Atlantic Council Middle East Published Articles

Women’s Rights through the Printed Word: Extending Liberal Values to Ordinary Women

Tahani al-Gibali
Tahani al-Gibali

From my recent article on Egypt Source:

If liberal values are going to spread in Egyptian society, politics is not the answer. Women are.

“The normal woman has a job, goes to market, and raises her family, but she is not part of a political party,” said Youssef Habib, editor-in-chief of the newly launched women’s magazine Lu’lu’a, or Pearl.

“Most Egyptian women think they are simply a servant in the home,” he continued. “We say no, you are a partner, and you are very important.”

Part of the research for this article included attending a festive gala with prominent Egyptian female personalities, and included the stinging quip below:

The name Lu’lu’a is drawn in comparison with the Egyptian woman. Like the sand in the shell which endures great pressure, she emerges beautiful. This point was made by Fatima Naout, the social and political commentator and self-described godmother of the magazine who is a hero of the liberal cause.

Naout headlined a gala affair hosted by Lu’lu’a to celebrate the launch of the magazine’s first bimonthly edition. Honored guests included luminaries such as Tahani al-Gibali, Lamis Gaber, and Farida al-Shobashi, in addition to Samira Qilada, mother of a January 25 martyred daughter.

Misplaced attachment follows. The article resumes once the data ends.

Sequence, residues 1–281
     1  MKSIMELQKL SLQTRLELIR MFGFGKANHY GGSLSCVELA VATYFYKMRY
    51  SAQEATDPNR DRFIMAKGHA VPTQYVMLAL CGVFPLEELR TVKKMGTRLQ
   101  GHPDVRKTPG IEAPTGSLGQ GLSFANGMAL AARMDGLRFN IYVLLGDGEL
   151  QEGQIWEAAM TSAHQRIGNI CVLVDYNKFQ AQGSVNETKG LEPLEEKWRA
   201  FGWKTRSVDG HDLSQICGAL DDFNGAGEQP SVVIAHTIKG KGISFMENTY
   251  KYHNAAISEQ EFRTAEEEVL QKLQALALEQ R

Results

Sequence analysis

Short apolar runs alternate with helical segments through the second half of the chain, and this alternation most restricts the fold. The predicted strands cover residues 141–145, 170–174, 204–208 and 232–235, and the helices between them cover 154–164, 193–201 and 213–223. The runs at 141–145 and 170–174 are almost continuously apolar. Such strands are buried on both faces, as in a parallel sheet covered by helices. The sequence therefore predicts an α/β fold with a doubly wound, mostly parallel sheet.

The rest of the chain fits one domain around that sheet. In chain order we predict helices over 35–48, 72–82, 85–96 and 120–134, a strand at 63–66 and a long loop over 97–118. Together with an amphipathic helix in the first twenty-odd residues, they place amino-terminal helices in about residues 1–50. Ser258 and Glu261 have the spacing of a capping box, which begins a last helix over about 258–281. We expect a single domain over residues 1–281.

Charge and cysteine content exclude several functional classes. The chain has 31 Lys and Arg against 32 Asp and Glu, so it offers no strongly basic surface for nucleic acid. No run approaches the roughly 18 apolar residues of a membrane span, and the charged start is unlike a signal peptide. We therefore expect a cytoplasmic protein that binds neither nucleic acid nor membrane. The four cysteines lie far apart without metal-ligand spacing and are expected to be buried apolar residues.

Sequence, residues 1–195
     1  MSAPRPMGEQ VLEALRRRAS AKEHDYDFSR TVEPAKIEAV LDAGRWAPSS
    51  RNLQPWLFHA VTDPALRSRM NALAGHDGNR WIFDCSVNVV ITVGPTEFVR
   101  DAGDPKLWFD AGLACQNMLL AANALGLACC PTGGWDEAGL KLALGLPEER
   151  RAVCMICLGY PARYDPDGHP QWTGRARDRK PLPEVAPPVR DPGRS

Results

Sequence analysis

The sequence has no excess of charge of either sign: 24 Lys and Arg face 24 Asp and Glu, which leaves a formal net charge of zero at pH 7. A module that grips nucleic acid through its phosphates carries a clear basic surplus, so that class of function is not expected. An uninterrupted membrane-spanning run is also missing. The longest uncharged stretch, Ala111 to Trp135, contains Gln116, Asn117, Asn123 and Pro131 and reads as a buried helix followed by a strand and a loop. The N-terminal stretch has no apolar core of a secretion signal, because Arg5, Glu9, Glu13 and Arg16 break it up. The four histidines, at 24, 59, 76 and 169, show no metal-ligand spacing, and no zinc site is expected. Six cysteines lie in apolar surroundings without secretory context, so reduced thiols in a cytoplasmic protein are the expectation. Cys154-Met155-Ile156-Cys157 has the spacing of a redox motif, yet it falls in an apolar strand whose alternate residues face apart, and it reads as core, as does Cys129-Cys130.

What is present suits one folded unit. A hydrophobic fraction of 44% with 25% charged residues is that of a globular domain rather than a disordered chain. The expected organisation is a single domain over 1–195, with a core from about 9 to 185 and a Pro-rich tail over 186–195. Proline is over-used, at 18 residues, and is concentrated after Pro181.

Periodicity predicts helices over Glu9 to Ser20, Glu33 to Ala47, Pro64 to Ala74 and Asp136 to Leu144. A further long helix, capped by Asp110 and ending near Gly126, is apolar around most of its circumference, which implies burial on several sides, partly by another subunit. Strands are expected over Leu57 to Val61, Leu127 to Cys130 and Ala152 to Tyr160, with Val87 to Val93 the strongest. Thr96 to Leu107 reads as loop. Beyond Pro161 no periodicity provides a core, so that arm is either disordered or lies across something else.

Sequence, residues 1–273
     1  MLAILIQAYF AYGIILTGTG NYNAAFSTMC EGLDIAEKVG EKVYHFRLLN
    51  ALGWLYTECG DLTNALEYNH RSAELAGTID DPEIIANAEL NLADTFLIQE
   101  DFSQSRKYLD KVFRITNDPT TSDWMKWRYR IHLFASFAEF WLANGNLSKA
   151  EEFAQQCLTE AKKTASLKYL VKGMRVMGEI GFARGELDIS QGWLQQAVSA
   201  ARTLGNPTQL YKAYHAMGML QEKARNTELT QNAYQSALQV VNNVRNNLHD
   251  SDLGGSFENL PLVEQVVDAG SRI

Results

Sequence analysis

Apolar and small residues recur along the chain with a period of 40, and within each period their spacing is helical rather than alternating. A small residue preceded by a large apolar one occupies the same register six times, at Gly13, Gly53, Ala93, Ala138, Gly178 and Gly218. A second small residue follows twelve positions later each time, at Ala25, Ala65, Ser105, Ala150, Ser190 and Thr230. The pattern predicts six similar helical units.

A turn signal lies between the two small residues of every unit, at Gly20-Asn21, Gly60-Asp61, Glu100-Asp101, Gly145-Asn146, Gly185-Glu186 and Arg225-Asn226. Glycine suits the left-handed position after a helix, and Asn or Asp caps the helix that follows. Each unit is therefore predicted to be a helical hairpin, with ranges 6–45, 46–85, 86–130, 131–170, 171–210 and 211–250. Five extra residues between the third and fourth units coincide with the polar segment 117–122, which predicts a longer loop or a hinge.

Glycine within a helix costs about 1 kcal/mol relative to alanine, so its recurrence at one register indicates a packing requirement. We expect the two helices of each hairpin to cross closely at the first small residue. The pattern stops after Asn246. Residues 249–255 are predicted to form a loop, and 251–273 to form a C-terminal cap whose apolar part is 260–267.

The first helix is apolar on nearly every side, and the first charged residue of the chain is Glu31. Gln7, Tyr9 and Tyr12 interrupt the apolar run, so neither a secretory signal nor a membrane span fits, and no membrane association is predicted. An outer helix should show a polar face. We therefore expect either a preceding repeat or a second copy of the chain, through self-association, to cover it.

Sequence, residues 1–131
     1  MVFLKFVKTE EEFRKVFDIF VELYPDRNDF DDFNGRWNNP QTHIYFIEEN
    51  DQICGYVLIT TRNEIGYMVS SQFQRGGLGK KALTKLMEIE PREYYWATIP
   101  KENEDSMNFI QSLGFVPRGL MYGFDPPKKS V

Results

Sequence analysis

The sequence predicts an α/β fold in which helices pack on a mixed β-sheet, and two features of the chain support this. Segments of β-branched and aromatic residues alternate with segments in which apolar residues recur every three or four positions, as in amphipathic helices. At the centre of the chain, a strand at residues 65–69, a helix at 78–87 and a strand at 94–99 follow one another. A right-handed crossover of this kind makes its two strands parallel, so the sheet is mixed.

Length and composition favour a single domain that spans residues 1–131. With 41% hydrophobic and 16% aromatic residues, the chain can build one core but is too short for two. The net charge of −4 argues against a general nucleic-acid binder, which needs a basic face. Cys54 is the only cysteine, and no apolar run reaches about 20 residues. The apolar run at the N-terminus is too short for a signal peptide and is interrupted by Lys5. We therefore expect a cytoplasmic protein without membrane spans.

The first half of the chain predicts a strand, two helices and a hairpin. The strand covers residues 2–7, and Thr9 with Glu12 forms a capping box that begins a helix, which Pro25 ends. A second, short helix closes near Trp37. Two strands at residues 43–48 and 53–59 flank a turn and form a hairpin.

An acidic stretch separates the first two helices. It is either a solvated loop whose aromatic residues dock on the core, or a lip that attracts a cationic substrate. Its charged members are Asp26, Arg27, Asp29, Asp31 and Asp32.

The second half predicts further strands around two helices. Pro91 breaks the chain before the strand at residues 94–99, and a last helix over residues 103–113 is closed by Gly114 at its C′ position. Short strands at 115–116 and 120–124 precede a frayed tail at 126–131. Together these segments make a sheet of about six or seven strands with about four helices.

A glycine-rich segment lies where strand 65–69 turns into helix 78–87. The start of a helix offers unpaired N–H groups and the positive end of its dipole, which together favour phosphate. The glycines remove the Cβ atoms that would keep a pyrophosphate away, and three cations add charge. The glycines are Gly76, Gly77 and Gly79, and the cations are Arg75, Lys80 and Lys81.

Angham al-Gammal, a female co-founder of the magazine with Habib and Latif, also insists the magazine is non-political and does not belong to any particular trend. However true in intention, as Naout spoke of Maryam, Qilada’s daughter, she betrayed the sympathies of almost all in attendance.

“The martyrs have already taken their reward. They have gone to the place of beauty, justice, truth, and light,” she said, “a place where there are no Muslim Brothers.”

But the magazine is also a social initiative with a strong, though controversial message:

Latif hopes to take the subjects of the magazine directly to marginalized communities in at least one meeting per month. As such, he described Lu’lu’a as an initiative more than a simple business venture. Their team recently held an awareness meeting with over 150 teachers and 500 students from four private girls-only high schools. They discussed the importance of self-esteem and education, and the dangers of sexual harassment and early marriage.

Early marriage, in fact, is the cover story for issue one, and received the condemnation of Gaber, whose journalistic commentary includes calling the hijab a devaluation of women.

“If you want to silence a people,” she addressed the gathering, “silence the women, marry them early, and a whole generation will emerge ignorant.”

But lest a conservative public receive this message as godless, the editors assert they have a religious vision as well:

The magazine also seeks to accord with Egyptian religiosity, unwilling to cede the discourse on women to Islamists.

“Our core vision,” said Latif, “is that God created the woman and her value comes from him.”

From the conclusion, holding up the magazine as an example of Egyptian liberals trying to touch the people, whereas political leaders are often seen as elite:

Indeed, the revolution changed Egypt, but more is needed to transform the people. If liberal politics falter here, liberal Egyptians must extend the message themselves – socially.

Please click here to read the whole article at Egypt Source.


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